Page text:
We want a successful industry in this country—an aspiration supported at Second Reading—to provide us with an important source of gas for our future, but it is vitally important that it is safe. We already have a well established UK conventional onshore oil and gas industry that has happily coexisted with local communities, in some cases for half a century or more. This has been achieved not least because the industry has maintained a good record of environmental responsibility and competence. The existing controls and the application of good operational practice have served us well to prevent pollution from onshore oil and gas activities and to tackle in an appropriate way any problems that emerge.

The Department of Energy and Climate Change assesses as a matter of course whether a company has sufficient funding for its planned operations prior to awarding any licence. It also checks at the drilling stage and, where relevant, at the production stage that the company has appropriate insurance. Similar financial competence checks are also carried out by the Environment Agency as part of the permitting process. In the event of serious damage to surface or ground-water, the Environment Agency and Natural Resources Wales have powers, under the Environmental Damage (Prevention and Remediation) Regulations 2009 and the equivalent Welsh regulations, to serve a notice requiring that the polluter pays to clear up the pollution. If a significant environmental risk becomes apparent, the Environment Agency has the authority to stop the activity. These powers apply to a wide range of operations and activities undertaken by different industries. I do not think that it would be appropriate to create any specific provisions for the oil and gas industry.

However, the Government are aware that there are widely felt concerns about the capacity of companies exploring for shale gas to tackle any liabilities that might arise. This is the concern that the noble Lord, Lord Whitty, is pointing to. Therefore, I am pleased to inform your Lordships that the Department of Energy and Climate Change and the shale gas industry are working to put in place a robust scheme that would cover liabilities even if the relevant operator is no longer in business. They are also in discussion with leading insurers about proposals to build expertise and capacity in the insurance market to facilitate the development of products specifically appropriate for unconventional operations, which in turn could facilitate the development of an industry-wide scheme. In addition, while we already have a robust regulatory framework in place, I can confirm that it will be reviewed and refined as appropriate as we move towards the production phase. The question of the noble Lord, Lord Oxburgh, will be addressed in that process. This regulatory review will include the question of environmental liabilities in the wider sense, not solely relating to water.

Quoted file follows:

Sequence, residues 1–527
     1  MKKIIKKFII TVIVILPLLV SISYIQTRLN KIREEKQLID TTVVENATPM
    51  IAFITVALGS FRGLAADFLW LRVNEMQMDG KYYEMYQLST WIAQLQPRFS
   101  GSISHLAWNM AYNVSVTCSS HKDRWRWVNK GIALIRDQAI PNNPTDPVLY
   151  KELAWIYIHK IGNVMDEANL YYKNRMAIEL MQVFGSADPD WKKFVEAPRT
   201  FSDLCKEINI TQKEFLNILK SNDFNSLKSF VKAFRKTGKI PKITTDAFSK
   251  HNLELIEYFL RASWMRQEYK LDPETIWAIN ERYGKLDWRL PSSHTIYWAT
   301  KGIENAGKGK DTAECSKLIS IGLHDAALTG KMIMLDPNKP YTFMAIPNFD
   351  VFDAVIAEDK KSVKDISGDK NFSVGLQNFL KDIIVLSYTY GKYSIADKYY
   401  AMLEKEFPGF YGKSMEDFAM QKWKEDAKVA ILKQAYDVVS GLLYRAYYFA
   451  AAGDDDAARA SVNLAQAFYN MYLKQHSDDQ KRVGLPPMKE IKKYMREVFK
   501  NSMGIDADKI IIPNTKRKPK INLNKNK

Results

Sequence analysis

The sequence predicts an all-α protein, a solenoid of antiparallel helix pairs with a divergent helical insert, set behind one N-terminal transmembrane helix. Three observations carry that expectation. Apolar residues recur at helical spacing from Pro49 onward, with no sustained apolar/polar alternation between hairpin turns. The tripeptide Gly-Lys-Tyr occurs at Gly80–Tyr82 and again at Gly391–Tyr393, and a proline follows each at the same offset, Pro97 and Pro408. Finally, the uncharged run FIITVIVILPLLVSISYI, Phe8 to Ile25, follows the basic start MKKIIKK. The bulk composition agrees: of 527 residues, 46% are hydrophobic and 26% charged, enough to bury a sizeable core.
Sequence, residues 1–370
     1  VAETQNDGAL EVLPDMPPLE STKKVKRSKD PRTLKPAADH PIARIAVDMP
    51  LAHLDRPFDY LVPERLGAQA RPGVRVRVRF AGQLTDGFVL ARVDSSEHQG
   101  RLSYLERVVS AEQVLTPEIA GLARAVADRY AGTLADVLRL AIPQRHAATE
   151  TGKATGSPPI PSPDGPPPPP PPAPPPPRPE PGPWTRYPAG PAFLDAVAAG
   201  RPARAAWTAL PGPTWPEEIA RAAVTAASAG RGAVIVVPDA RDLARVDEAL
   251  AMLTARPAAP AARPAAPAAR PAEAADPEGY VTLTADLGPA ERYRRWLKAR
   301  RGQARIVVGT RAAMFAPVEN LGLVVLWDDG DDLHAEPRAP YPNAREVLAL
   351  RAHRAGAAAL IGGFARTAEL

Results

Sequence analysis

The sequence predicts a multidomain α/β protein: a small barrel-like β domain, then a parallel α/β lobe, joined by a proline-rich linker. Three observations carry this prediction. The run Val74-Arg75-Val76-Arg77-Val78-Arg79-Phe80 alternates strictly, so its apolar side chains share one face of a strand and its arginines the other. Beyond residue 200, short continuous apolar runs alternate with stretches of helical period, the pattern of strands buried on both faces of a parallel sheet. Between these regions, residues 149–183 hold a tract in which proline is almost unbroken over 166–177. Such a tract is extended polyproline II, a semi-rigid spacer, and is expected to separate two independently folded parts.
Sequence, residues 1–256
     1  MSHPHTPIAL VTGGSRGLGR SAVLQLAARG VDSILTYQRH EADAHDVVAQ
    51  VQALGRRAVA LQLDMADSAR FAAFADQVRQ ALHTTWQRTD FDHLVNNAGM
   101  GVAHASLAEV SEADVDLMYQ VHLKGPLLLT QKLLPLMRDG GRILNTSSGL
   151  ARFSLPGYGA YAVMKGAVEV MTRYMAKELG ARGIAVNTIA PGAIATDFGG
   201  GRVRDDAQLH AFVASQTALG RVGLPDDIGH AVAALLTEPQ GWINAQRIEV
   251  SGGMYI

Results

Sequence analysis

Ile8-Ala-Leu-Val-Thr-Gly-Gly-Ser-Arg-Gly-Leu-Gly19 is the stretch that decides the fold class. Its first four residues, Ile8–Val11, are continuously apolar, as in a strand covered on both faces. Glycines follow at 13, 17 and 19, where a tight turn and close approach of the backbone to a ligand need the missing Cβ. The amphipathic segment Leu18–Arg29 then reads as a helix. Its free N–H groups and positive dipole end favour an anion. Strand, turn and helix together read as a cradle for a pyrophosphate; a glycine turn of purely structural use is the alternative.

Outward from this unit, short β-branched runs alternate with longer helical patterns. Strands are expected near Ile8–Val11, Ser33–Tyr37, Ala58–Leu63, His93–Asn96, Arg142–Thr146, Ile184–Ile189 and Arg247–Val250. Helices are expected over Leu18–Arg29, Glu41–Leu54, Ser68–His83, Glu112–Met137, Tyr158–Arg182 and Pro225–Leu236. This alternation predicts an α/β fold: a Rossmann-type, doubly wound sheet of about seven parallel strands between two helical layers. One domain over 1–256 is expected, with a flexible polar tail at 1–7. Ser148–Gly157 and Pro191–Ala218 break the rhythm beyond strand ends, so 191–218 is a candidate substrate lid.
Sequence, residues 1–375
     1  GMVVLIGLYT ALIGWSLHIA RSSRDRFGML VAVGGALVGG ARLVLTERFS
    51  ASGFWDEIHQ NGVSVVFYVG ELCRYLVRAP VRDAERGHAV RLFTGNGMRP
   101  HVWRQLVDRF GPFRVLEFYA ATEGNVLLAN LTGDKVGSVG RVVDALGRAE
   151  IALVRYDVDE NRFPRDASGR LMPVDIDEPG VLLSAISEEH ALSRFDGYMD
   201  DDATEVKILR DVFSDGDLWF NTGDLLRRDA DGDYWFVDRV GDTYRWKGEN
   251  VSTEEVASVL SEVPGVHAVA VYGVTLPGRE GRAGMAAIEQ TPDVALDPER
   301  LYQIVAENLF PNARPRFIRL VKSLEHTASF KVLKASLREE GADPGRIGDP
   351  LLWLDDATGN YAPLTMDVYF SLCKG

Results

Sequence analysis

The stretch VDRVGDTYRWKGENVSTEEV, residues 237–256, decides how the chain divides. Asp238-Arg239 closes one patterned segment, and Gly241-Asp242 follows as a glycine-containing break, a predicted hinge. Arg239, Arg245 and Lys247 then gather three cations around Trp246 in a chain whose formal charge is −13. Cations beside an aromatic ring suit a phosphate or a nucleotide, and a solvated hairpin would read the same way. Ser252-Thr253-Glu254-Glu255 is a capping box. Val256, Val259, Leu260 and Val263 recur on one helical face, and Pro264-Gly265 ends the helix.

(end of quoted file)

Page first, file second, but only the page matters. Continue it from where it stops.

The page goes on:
I am sure that noble Lords will agree that these two initiatives, taken together, constitute a sensible approach towards ensuring that liabilities are covered in a comprehensive and proportionate way, rather than

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taking what might be a rigid legislative approach on a piecemeal basis. I hope that this news provides the reassurance that the noble Lord, Lord Whitty, needs that the Government are taking the right steps to ensure that liabilities are dealt with appropriately, and that he will feel able to withdraw his amendment.

Lord Whitty: My Lords, I thank the Minister for that. It is a degree of reassurance. I thank the noble Lord, Lord Oxburgh, for expanding the area of concern into the issues of the effect that bringing sea-water on land for use may have on watercourses and the possibility of contamination of the sea-water itself.